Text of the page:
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Improv touring company hits campus

Gangsters in Priuses, bourgeoisie badgers and screaming townies—all these figures were present in Harris on Tuesday evening, as performers from the Upright Citizens Brigade, a comedy troupe based in New York and Los Angeles, took the stage to perform improv comedy at Grinnell for the second time.

The three comics that were in the troupe—Johnny Meeks, Joel Spence and Tricia McAlpin—are based in Los Angeles but were finishing their tour of Midwestern colleges at Grinnell. The team learned some details about Grinnell from having dinner with members of Grinnell’s own improv group, Ritalin Test Squad, before the show. McAlpin admitted that she had also done some Wikipedia research before the show. “But that’s because I’m a geek,” she said.

Despite their research, the UCB squad likes to go into their shows with minimal preparation.

“We don’t pre-plan anything,” Spence said.

The bulk of the first half of their show was taken from an impromptu interview with Carla Eckland ’13, who told them about a strange encounter from earlier in the day. The second half consisted of short sketches based on text messages students in the audience had sent or received.

Some of the loudest laughter during the show came from members of the Ritalin Test Squad, who had opened for the UCB performers.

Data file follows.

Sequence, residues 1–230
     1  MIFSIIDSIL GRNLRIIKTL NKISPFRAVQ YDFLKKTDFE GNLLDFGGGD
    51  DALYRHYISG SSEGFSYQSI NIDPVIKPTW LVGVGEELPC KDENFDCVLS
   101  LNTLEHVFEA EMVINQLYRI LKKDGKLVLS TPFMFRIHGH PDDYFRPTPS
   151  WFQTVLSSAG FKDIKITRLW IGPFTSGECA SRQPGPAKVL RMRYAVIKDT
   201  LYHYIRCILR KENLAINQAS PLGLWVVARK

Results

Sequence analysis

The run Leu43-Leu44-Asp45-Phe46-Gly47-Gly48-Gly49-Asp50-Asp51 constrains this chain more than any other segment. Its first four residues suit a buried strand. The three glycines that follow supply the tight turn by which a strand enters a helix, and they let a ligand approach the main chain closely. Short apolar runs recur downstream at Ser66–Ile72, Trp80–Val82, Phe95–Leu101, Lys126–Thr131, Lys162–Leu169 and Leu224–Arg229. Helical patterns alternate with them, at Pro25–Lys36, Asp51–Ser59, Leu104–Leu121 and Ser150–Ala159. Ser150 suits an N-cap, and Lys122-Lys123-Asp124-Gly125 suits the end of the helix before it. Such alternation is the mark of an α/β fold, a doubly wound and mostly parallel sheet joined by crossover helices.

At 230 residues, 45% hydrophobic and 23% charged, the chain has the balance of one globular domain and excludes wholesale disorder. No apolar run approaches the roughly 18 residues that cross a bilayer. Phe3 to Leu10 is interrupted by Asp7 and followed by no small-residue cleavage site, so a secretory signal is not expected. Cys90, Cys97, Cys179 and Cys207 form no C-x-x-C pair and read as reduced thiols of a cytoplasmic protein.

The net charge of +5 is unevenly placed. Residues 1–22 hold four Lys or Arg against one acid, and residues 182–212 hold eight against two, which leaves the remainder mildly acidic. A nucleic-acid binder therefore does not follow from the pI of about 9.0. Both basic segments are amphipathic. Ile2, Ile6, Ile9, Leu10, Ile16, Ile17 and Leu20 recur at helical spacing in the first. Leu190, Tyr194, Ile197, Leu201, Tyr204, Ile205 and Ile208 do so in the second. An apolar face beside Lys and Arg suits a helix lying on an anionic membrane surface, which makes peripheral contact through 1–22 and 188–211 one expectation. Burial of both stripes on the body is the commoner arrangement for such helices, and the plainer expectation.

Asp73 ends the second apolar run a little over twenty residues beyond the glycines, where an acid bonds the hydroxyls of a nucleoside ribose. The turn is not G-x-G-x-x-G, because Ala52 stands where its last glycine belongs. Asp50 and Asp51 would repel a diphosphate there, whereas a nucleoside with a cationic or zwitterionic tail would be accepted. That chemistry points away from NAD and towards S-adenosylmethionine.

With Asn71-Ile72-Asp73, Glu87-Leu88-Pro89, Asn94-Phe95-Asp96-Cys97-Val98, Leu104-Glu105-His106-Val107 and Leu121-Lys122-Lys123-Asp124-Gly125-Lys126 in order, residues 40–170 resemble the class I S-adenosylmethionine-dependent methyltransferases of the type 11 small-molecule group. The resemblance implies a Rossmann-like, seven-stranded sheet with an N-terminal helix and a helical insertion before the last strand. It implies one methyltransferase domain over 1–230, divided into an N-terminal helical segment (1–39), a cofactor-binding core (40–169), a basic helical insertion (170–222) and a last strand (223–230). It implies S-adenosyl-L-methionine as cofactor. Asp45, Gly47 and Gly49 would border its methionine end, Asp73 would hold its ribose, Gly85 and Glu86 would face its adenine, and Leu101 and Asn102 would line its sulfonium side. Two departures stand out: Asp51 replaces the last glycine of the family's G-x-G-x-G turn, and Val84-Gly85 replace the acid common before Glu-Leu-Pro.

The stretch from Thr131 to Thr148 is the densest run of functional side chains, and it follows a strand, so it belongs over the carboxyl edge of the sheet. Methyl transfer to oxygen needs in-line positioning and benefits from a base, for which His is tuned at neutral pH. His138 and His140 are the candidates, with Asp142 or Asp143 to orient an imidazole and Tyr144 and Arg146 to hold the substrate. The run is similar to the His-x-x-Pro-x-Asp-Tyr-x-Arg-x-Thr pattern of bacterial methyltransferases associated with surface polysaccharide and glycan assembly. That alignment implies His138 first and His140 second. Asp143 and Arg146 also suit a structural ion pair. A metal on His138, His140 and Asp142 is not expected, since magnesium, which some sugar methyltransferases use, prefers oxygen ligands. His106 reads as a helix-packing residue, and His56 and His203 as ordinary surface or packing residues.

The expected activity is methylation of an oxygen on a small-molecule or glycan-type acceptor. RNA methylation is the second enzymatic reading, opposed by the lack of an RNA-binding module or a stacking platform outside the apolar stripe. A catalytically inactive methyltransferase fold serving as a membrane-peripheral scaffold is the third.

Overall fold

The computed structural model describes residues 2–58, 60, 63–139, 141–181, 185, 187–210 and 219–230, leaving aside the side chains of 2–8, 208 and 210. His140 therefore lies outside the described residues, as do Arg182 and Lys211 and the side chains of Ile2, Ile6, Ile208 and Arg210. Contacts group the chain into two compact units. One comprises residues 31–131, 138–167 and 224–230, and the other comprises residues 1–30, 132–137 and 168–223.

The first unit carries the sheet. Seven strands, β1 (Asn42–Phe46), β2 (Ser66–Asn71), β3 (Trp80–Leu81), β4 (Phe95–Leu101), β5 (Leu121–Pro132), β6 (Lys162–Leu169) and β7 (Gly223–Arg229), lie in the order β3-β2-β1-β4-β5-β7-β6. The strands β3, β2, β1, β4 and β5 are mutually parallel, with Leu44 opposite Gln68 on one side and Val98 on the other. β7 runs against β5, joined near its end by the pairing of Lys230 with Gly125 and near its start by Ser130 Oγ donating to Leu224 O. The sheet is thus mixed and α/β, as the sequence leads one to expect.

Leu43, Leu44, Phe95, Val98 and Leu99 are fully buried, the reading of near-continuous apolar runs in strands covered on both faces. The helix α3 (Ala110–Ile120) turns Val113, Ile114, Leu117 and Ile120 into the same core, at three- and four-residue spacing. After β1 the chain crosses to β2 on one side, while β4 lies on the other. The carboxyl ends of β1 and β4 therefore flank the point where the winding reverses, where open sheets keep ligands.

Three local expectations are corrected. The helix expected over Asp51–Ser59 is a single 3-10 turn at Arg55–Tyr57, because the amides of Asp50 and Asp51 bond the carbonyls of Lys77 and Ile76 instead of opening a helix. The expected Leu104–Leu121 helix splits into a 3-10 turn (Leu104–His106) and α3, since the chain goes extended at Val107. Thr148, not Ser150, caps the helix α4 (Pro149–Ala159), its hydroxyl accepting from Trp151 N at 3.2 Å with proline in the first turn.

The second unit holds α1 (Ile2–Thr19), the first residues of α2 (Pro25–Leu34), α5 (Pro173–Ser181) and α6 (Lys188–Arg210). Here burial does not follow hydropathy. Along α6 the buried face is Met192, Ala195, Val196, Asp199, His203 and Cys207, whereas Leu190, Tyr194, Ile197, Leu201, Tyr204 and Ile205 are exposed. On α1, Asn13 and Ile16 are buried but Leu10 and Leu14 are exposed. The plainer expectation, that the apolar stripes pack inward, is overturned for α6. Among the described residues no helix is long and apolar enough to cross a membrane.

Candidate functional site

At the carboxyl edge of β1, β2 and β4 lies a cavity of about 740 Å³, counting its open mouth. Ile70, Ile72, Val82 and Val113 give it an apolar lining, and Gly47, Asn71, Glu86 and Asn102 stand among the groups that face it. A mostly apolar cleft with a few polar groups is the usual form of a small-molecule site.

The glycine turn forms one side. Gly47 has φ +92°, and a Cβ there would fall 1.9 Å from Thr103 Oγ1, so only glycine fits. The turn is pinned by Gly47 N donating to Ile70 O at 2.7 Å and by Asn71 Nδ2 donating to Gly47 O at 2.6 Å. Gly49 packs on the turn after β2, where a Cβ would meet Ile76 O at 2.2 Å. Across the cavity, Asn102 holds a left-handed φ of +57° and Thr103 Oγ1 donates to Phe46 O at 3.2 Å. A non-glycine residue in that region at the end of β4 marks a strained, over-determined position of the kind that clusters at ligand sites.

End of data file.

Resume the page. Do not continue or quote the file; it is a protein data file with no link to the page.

“Professional improv is on a such a different level,” said RTS member Dodge Greenley ’11.

The show was also an educational experience for the RTS.

“You see their minds working in ways you’re trying to make your mind work,” said Charles Frantz ’11.

Such admiration was reciprocated by members of the UCB team, who were impressed by RTS’ teamwork.

“They were really supporting each other,” McCalpin said.

Members of the UCB team thought that improv was especially popular on college campuses.

“College kids like comedy. Then after college you’re depressed,” Meeks said.

McAlpin took a slightly different view. “It’s a smart people thing,” she said.

The UCB performers elaborated on how they pride themselves on playing to the top of their intelligence, thus mentally leveling themselves with many college students.

The appeal of improv extends beyond college campuses, as illustrated by the popularity of companies like UCB.
“It’s so immediate,” said Spence. “There were moments tonight when we didn’t know what we were going to say,” he said, to murmurs of agreement. This was hard to tell during the show—the performance was surprisingly lucid.
The RTS team seemed invigorated with new ideas.

“The show [that] UCB did here two years ago was a big turning point for me,” Greenley said.

Unlike RTS, the Brigade does long-form improv—that is, they incorporate their improvisation into pre-conceived sketches. RTS, on the other hand, uses short games to get their improvisation going. Frantz and Greenley expressed an interest in incorporating long-form in the future.

If the UCB had been at all nervous, they didn’t show it—they were energized by performing in a setting other than Los Angeles.

“It’s fun to bring elsewhere,” Meeks said.

And, despite their lack of preparation, their show had a uniquely Grinnellian flavor—it featured references to 10/10, social activism and, of course, gender binaries. The RTS, though, infused their short skits with a variety of foreign (and possibly made-up) accents, and both troupes incorporated an array of bizarre behaviors into their acts.
“It’s always so amazing how profound and funny you can be,” Spence said.

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